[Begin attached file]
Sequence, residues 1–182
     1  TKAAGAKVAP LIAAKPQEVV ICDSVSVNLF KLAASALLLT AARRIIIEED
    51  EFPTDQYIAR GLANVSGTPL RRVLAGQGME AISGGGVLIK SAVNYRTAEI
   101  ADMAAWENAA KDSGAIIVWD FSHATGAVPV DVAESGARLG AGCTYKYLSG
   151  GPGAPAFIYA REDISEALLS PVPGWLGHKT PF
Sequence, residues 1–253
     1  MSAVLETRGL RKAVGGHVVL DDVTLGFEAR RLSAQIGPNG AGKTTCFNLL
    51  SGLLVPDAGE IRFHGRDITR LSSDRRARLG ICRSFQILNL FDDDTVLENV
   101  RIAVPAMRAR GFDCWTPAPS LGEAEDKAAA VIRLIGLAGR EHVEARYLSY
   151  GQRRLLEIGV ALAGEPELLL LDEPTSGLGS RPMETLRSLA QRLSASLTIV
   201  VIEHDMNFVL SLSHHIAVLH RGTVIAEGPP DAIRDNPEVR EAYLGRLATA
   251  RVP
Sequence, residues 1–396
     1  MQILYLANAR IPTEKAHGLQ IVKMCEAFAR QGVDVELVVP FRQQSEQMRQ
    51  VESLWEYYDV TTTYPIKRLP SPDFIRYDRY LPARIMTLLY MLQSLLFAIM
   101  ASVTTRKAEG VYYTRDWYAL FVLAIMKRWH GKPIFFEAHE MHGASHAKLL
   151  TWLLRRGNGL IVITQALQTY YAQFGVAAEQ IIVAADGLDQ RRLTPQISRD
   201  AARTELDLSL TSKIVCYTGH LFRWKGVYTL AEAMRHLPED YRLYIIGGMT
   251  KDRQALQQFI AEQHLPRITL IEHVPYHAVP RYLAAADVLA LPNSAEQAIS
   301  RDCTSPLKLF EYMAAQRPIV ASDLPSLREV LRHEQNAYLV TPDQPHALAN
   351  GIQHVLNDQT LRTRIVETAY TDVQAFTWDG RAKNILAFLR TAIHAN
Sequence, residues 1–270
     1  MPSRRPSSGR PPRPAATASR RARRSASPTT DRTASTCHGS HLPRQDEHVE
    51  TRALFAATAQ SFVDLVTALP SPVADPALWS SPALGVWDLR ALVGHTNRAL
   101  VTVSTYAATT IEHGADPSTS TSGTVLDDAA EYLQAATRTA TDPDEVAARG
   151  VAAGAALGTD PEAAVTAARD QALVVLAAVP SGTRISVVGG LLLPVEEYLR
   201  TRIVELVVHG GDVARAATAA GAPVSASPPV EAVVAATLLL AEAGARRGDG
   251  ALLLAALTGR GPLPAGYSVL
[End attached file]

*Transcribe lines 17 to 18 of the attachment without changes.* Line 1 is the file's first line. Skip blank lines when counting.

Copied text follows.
   151  TWLLRRGNGL IVITQALQTY YAQFGVAAEQ IIVAADGLDQ RRLTPQISRD
   201  AARTELDLSL TSKIVCYTGH LFRWKGVYTL AEAMRHLPED YRLYIIGGMT